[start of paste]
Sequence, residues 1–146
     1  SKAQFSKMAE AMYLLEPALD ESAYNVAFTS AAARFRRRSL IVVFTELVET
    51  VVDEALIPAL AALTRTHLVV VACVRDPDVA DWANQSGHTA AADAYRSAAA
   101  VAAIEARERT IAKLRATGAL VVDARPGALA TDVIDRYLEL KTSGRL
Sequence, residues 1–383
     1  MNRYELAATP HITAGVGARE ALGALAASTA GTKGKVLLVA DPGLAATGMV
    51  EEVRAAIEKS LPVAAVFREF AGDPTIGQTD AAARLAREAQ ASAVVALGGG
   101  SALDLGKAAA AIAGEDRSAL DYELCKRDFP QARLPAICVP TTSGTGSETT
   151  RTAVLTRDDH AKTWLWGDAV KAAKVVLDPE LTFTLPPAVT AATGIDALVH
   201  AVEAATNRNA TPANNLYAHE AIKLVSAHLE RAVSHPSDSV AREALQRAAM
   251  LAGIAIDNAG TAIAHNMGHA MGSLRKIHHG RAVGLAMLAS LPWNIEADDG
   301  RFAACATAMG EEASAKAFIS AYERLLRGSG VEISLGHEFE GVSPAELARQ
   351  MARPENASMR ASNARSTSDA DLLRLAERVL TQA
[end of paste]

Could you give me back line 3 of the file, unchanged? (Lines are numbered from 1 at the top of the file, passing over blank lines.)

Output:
    51  VVDEALIPAL AALTRTHLVV VACVRDPDVA DWANQSGHTA AADAYRSAAA